The chairman of the board of Reser’s Fine Foods. A county commissioner from Tillamook County. Top executives from companies such as Boise Cascade, Chevron, Intel and Weyerhaeuser. The president of Washington State University. Current members of the state Board of Higher Education. A retired wheat and barley farmer — and economics professor. Two businessmen from Bend.
They’re all on the list of 18 names Oregon State University officials have submitted to Gov. John Kitzhaber for possible nomination to the university’s new governing board.
The list offers some insight into what OSU hopes to accomplish with the board.
For example, judging by the geographic spread of the suggested nominees, OSU aims to strengthen its statewide profile, to bolster the case that it is Oregon’s statewide university. With governance questions still swirling around Oregon’s regional universities, that statewide presence may have long-term benefits for OSU.
(To see the full list, and brief bios of OSU’s 18 nominees, check out the online version of this column.)
But the list — from which Kitzhaber will select the nominees he presents to the Oregon Senate for confirmation later this year — has a surprising omission.
More on that later. In the meantime, if you haven’t been following this business about governing boards at Oregon’s three largest public universities, here’s the background.
Senate Bill 270, passed by the 2013 Legislature, gave the University of Oregon and Portland State University the ability to set up their own governing boards — and it gave OSU the option to do the same.
The boards will assume responsibility for setting business policies, establishing tuition and fees, overseeing academic programs, submitting a budget directly to the Legislature and supervising the university president. It’s a fundamental shift in how we’ve governed our public universities in Oregon.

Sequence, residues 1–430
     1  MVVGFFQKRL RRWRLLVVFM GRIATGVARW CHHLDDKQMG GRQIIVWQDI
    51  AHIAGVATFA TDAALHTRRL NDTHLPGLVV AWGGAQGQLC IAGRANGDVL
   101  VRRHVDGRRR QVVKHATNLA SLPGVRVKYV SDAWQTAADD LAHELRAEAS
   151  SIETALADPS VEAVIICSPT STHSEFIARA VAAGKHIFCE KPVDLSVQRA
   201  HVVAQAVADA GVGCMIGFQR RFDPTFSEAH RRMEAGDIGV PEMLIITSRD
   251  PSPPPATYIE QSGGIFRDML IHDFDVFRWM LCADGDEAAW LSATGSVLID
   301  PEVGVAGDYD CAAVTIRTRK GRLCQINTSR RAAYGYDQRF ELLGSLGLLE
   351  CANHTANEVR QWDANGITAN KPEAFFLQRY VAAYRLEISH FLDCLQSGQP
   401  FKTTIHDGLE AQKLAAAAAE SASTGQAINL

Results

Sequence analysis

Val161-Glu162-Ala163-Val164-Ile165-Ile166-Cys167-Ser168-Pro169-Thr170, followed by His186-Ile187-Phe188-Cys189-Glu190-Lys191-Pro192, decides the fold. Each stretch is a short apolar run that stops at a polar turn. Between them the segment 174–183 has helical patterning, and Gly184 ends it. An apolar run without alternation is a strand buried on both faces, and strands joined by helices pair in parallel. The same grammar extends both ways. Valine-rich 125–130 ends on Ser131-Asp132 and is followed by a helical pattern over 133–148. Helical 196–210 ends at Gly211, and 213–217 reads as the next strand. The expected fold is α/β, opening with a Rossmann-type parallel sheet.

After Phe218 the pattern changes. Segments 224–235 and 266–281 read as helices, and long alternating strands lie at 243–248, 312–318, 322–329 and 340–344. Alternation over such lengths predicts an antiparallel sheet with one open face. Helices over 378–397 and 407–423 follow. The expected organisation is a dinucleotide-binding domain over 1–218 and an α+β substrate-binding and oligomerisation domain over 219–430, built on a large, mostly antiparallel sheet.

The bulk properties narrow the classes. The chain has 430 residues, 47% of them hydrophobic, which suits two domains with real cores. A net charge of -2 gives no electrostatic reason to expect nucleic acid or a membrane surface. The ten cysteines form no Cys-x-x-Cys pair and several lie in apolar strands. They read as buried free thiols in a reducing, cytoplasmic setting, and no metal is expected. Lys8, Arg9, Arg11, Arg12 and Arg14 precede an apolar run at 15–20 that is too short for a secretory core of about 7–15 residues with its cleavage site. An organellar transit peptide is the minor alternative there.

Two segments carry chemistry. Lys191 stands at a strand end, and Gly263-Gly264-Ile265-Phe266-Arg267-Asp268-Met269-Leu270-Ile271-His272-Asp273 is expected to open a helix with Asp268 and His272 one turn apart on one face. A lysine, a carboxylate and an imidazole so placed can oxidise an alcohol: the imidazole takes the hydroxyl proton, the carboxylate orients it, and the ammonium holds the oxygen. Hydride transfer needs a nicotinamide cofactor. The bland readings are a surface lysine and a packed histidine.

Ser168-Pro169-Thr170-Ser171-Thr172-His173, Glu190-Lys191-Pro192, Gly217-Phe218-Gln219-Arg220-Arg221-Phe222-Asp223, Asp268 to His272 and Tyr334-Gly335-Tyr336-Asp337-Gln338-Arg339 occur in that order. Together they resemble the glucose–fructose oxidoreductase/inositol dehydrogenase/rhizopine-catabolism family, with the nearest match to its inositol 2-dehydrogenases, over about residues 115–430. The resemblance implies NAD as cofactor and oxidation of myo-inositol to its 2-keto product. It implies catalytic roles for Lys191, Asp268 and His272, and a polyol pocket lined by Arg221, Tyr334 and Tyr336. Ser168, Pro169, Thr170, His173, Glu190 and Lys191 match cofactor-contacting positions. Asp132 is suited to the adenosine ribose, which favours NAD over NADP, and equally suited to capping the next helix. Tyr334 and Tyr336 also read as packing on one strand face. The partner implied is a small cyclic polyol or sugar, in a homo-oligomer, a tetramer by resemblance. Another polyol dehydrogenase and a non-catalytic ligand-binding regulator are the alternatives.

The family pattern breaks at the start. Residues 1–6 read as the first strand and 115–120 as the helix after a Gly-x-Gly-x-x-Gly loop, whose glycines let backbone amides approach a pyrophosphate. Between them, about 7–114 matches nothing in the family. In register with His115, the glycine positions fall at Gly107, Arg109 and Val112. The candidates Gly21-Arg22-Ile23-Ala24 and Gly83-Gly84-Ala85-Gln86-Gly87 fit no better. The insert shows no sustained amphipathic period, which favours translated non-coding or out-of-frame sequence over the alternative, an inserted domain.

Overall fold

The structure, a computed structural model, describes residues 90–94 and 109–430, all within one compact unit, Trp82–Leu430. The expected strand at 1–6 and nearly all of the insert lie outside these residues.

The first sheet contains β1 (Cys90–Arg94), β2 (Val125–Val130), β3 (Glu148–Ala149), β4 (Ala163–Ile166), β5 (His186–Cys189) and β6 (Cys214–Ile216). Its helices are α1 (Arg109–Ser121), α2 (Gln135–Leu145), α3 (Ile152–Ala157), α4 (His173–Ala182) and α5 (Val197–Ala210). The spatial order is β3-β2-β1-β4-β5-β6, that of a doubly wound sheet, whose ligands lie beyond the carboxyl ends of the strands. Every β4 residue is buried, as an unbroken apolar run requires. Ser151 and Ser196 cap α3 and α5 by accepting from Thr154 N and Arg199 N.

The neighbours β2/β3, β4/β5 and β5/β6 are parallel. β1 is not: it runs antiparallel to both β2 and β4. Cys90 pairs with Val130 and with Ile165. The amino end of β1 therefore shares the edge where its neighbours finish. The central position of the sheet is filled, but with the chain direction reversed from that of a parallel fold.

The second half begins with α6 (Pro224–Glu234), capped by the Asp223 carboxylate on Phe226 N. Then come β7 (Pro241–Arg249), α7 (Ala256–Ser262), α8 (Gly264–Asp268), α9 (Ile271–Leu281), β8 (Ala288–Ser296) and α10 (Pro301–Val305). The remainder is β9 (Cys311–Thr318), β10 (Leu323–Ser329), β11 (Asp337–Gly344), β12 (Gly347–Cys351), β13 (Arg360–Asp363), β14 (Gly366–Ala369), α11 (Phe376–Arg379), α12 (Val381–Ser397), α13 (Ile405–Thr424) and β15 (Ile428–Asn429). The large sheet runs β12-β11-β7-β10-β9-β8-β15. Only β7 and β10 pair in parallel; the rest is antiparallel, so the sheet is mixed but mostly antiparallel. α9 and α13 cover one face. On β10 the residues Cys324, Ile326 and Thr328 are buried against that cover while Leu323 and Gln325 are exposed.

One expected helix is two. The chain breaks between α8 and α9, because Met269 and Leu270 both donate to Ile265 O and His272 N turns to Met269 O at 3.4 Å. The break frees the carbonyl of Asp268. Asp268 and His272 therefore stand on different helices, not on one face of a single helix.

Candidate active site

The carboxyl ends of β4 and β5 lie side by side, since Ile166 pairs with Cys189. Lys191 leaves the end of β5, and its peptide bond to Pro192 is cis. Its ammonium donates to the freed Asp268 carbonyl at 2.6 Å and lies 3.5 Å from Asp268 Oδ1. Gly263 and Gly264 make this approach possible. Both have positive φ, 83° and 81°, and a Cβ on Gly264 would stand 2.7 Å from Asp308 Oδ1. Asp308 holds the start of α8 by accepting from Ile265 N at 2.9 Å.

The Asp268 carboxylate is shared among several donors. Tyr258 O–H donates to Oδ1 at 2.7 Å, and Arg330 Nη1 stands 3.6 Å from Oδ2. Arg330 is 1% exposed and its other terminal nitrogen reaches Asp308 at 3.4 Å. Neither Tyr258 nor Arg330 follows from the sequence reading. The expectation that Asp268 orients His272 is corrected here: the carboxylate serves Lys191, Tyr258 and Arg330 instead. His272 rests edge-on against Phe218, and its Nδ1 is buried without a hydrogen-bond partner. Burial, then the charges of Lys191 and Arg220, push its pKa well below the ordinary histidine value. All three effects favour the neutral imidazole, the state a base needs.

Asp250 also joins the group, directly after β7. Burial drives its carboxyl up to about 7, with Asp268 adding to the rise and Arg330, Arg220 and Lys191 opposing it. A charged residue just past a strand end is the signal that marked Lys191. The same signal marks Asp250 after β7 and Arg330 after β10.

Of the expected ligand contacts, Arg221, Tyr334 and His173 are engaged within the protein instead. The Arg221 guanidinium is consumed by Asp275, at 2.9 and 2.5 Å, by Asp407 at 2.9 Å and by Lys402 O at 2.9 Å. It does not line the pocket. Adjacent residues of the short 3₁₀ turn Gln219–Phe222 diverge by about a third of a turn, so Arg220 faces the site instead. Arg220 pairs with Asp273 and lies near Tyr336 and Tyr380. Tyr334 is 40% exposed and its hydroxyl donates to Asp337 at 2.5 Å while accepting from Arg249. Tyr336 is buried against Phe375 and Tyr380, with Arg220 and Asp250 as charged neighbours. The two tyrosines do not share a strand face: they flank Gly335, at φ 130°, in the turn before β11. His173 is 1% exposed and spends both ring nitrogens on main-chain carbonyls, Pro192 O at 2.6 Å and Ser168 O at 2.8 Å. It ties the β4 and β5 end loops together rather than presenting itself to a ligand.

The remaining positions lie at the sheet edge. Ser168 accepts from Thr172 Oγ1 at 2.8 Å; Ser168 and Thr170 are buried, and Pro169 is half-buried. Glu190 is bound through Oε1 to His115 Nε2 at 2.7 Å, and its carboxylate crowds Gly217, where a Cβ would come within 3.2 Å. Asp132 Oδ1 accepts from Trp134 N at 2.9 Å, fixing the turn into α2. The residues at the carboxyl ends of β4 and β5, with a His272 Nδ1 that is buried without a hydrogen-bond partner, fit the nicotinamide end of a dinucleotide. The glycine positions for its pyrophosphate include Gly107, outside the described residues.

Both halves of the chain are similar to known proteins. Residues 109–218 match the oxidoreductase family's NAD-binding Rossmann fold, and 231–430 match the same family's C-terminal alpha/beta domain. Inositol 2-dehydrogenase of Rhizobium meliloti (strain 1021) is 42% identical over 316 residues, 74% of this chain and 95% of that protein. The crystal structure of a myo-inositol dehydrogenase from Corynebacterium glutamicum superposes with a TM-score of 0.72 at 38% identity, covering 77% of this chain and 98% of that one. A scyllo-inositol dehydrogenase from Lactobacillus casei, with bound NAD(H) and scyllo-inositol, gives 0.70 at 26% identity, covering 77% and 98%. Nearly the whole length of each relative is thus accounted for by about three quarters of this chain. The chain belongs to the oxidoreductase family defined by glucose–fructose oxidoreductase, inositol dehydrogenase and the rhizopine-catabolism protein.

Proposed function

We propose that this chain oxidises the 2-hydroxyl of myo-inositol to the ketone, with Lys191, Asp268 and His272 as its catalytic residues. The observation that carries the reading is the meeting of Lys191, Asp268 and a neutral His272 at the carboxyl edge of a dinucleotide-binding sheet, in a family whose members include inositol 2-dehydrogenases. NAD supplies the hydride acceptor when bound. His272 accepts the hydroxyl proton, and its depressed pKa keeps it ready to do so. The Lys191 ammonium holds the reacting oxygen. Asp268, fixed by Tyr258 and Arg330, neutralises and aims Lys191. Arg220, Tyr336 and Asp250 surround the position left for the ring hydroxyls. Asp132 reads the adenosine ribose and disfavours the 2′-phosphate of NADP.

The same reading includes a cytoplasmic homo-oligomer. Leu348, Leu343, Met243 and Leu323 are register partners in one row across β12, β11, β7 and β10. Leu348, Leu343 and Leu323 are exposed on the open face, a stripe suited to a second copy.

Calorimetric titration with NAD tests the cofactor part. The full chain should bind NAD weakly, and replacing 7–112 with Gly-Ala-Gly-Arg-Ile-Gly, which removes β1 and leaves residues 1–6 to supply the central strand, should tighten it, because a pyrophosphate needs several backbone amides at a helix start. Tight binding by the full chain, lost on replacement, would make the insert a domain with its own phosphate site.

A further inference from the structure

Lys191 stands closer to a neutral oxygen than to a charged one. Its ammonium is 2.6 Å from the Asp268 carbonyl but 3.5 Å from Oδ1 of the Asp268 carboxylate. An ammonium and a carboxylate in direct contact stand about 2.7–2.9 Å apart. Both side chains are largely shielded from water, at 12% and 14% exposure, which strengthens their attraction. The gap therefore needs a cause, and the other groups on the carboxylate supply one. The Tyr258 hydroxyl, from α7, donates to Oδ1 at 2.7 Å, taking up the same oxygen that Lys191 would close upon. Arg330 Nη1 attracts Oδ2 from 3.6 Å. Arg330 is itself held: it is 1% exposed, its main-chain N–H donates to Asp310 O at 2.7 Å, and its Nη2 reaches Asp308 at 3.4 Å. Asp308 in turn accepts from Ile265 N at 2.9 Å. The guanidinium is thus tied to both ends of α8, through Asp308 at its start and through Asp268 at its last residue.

Oregon and PSU have been lobbying for the shift for years. OSU President Ed Ray hasn’t been a fan of the boards, dating back to his experiences at Ohio State University.
But Ray and other officials feared that OSU might find itself fighting for budget scraps with the state’s smaller universities if it chose to remain in the Oregon University System. So, last week, Ray told Kitzhaber that OSU would establish its own board.
Also last week, Ray submitted the list of proposed nominees for OSU’s board.
The board also will include one student, one faculty member and one nonfaculty employee. OSU officials said last week they believed Kitzhaber was making his own arrangements for those nominations, so those names aren’t on OSU’s list.
The names on the list are an impressive batch of civic, business and educational leaders with long resumes. Thirteen of them live in Oregon. (The others live in Washington state, California or Idaho.) Kitzhaber will have a tough time winnowing down the list.
But now to that omission: The list of nominees doesn’t include anyone from Benton or Linn counties.
It’s true, as OSU officials said last week, that Kitzhaber’s faculty, student and staff nominees almost certainly will have those local ties.
But what’s missing on the list is someone who doesn’t have a direct tie to OSU who can speak about the ongoing community discussion about how OSU’s growth has impacted the quality of life in Corvallis and the mid-valley.
OSU officials say they discussed that specific issue in terms of how it might shape the slate of nominees, but decided that the governing board’s focus needed to be on OSU’s mission as a land-grant university serving the entire state. OSU says that the state of town-and-gown relations is important, but that those issues are better handled by local administrators, faculty, staff and students in partnership with community members.
Those arguments make a certain amount of sense. Still, there’s an opportunity here to add a local voice to OSU’s governing board, someone who can keep one eye on the university’s statewide mission but who also understands the importance of tending to the home front. (mm)